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INSIDE II - Thundering Herd Mentality

As in victory, so in defeat. This appears to be the approach of many bumbling Wall Street titans, who are looking to get out of trouble in much the same.

As in victory, so in defeat. This appears to be the approach of many bumbling Wall Street titans, who are looking to get out of trouble in much the same way they got into it: by ruthlessly imitating one another. First, they plunged one by one into the subprime housing market and its mysterious consort, structured credit. When the bubble burst and blew a hole the size of a vacant McMansion in their balance sheets, they began their pell-mell rush around the globe to raise fresh capital from the mysterious arms of various state-controlled agencies.

There is much wisdom in shoring up capital bases at a time like this, to be sure. And from product innovation to corporate vision (the ubiquitous one-firm firm), Wall Street banks have long since shamelessly copied from each other. Mediocre writers borrow; great writers steal, as that erstwhile banker T.S. Eliot once noted. So perhaps this was Wall Street’s short-cut recipe for greatness: Goldman Sachs makes billions on risky bets, so should we! But betting the house — or on houses — turns out to be a much different thing, with far graver consequences than, say, merely ripping off a rival’s newest exchange traded fund or stock-trading engine. You risk not only your profits but your place in the world.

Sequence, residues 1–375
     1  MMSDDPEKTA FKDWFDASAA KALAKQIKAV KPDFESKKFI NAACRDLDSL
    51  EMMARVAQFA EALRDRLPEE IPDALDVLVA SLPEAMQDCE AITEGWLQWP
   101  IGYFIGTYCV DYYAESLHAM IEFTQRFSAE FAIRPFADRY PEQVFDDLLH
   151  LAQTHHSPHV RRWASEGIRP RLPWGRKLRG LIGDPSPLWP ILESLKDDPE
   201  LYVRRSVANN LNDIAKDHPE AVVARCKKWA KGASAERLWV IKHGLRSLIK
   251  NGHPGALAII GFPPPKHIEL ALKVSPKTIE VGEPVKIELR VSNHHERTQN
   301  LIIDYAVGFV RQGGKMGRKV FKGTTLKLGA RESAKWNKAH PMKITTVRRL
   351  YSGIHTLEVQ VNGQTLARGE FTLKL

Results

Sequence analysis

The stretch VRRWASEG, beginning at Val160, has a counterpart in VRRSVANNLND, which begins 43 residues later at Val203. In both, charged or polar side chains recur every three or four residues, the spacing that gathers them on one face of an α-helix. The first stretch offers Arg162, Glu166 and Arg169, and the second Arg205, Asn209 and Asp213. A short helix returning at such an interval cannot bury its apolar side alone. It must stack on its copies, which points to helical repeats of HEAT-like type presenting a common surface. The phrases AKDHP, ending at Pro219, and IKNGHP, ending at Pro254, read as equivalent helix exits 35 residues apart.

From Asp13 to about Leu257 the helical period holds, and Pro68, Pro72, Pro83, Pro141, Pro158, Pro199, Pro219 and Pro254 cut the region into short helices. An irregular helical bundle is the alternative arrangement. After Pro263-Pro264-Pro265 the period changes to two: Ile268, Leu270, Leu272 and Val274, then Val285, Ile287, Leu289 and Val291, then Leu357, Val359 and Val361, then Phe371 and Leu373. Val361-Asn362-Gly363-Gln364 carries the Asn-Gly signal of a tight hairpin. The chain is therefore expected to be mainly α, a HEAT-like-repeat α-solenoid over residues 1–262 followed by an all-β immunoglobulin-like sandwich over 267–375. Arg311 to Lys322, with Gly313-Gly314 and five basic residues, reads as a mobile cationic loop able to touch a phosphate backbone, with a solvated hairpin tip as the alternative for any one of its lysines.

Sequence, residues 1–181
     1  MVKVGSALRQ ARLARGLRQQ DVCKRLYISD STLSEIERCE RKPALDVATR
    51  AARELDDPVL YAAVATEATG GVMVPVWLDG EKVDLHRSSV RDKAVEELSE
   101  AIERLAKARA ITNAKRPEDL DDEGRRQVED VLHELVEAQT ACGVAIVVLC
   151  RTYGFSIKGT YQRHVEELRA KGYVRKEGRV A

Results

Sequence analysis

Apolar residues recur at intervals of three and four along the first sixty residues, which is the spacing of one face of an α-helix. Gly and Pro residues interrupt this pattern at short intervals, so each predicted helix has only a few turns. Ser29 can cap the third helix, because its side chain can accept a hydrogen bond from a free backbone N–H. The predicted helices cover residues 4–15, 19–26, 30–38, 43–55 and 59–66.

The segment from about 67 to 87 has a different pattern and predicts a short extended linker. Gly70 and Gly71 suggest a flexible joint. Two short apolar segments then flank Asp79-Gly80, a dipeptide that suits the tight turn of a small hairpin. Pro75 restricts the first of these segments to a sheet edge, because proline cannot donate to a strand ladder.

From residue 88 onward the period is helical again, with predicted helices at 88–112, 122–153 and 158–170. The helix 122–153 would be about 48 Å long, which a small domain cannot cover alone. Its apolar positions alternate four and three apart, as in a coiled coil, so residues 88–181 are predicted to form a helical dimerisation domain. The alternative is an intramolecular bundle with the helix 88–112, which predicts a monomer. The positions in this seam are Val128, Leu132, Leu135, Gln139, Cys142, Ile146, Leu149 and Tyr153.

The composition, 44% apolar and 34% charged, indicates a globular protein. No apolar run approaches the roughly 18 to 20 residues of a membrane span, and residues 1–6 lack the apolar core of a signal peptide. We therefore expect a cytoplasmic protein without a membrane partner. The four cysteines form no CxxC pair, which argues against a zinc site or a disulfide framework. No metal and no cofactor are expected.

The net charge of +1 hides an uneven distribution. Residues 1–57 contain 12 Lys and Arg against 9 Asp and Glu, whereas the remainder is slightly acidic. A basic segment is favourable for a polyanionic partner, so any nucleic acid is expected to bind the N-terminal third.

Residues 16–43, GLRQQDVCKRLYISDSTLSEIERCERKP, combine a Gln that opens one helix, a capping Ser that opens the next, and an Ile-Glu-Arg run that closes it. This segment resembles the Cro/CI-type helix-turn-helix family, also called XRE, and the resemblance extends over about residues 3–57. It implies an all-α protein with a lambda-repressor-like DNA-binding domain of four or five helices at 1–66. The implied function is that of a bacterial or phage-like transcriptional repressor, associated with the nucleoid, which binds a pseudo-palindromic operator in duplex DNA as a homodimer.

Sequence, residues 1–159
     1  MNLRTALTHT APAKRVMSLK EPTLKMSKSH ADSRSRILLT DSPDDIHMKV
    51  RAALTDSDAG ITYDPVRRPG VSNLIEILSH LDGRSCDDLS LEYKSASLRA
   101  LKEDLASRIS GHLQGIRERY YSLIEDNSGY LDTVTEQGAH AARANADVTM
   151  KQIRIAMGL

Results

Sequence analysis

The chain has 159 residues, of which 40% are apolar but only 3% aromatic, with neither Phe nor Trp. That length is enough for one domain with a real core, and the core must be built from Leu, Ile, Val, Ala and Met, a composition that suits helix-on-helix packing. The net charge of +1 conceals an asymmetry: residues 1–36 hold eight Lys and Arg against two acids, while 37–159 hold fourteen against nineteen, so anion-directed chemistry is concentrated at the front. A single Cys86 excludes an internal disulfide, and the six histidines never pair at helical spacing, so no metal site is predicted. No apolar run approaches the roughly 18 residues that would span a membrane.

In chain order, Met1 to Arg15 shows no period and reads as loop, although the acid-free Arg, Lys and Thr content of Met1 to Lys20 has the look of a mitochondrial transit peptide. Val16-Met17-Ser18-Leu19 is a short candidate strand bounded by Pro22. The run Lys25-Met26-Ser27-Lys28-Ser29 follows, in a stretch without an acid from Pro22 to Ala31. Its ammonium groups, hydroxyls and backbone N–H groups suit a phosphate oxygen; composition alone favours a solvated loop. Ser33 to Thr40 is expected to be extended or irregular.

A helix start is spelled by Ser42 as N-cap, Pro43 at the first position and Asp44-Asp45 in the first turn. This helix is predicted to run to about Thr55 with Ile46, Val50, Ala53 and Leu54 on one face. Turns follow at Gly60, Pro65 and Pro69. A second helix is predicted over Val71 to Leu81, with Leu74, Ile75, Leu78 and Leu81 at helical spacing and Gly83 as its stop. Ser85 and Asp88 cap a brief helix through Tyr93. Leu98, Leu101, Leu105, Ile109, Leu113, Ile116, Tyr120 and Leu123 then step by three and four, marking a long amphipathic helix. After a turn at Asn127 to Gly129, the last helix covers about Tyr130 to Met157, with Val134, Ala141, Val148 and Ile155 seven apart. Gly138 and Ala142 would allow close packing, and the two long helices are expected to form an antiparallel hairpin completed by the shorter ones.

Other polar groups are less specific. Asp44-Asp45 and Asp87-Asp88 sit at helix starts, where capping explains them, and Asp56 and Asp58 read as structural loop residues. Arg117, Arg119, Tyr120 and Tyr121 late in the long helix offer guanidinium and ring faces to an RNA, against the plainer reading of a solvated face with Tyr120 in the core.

That loss of status, in various ways, is now happening. Change is inevitable, of course: It is hardly foreordained that American banks and financiers should be preeminent, though as tribunes of globalization they have been ascendant for most of the past two decades. Now that old order is giving way, as we note in this issue’s inaugural ranking of the 75 most powerful and influential people in the world of finance, beginning on page 50. Americans like Federal Reserve Board chairman Ben Bernanke (No. 1) and Goldman chairman and CEO Lloyd Blankfein (3) clearly deserve top spots. But among their peers we have chosen such outstanding figures as China’s Lou Jiwei (2), the head of China Investment Corp., which in December bought a $5 billion stake in Morgan Stanley; Jiang Jianqing (4), chairman of Industrial and Commercial Bank of China, the world’s biggest by market capitalization; and Zhou Xiaochuan (7), head of the People’s Bank of China. Also in the top ten are European Central Bank chief Jean-Claude Trichet (5) and Singapore’s Ho Ching (6), CEO of Temasek Holdings, the state investment vehicle that owns stakes in Merrill Lynch, Barclays and Standard Chartered.

It is hard to imagine, had this list been drawn up only a year ago, so many non–Wall Streeters rubbing up against one another in the highest reaches of the global house of finance.